Procrastination: How the 5-second rule helps against procrastination

5 second rule
With this method, you’ll never put things off again

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Postponing things and burdening you unnecessarily long is your specialty? Then the 5 second rule could make your life a lot better.

No desire to tidy up, not enough courage to ask your manager for a conversation and no brilliant idea what to write to your girlfriend after you haven’t been in contact for so long and suddenly you long for her again. So you leave it. Until one day the disorder in your apartment, the dissatisfaction in your job and the longing for your old friend torment you so much that there is no other way and you have to do something. Unfortunately, it’s often twice as difficult and you’ve wasted time.

So it is with procrastination or procrastination. It keeps us from following our impulses and getting things done right away, only to torment us and make life difficult. Fortunately, we don’t have to put up with that: with the 5-second rule, we can work off procrastination – or at least give it a try.

How does the 5 second rule work?

The 5-second rule was developed by the American author and motivational speaker Mel Robbins (“5 … 4 … 3 … 2 … 1 … Go! The 5-second rule”) and it works very easily: If we feel an impulse to do something, we count backwards from 5 and start after 1. For example: “I would have to tidy up my table, 5, 4, 3, 2, 1 – let’s go!“. Or “I would like to write to my old school friend. 5, 4, 3, 2, 1 – dear Isette, I hope you are fine! I think of you and I would be happy to call you again. How about wednesday night Love from!“. Complete. No long deliberation and certainly not lugging things around with you. Just count backwards and do it.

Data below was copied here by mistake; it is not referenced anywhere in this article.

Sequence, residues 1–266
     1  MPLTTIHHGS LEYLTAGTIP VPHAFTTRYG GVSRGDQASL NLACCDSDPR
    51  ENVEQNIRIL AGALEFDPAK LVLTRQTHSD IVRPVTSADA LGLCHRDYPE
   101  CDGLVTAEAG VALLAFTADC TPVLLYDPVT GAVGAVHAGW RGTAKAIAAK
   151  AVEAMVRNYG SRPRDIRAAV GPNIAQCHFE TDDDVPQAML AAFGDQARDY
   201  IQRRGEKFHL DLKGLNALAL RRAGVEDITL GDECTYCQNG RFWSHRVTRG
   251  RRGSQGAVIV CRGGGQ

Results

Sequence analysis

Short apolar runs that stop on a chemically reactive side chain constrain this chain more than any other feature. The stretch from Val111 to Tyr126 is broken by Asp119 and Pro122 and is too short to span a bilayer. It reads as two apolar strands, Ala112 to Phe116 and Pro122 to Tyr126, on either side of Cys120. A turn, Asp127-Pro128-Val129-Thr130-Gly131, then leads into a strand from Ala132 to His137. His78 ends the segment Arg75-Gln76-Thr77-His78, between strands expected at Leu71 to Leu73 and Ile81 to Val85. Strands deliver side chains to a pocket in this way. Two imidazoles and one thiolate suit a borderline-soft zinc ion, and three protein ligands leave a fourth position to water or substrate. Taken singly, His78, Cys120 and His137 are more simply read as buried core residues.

Inspired by a rocket

Mel Robbins swears by this method after trying it herself and changing her life with it. “When I was 41, my life was in ruins,” she writes on hers Website. Unemployed, marital problems, self-confidence in the basement. “I wanted to change, but couldn’t bring myself to change.” One of the things that kept them away: “There was always an excuse.

A TV advertisement with a rocket gave her the idea of ​​the countdown. “I thought what if, instead of thinking about it, I just get up when the alarm goes off, like a rocket just takes off when it takes off?” 5-4-3-2-1 closed the gap between thinking and doing with hershe continues. The more things she tackled and done, the stronger her self-confidence became.

Can this really work?

From a psychological or neurological point of view, Mel Robbin’s method makes perfect sense: Firstly, counting distracts us from hesitating and looking for reasons not to follow an impulse (if you are particularly intelligent, you may count on Swahili as a precaution …). Second, the countdown prepares us for something to happen soon. And thirdly, it is easier for us to react to a specific signal (“1”) than to a vague resolution (“I would like to …”, “I should …”). Thus, with the 5-second rule, we ultimately outsmart ourselves, more precisely the side of us that slows us down and lets us struggle.

Still sounds too easy to work? Well then it’s definitely way too easy not to try it at least once.


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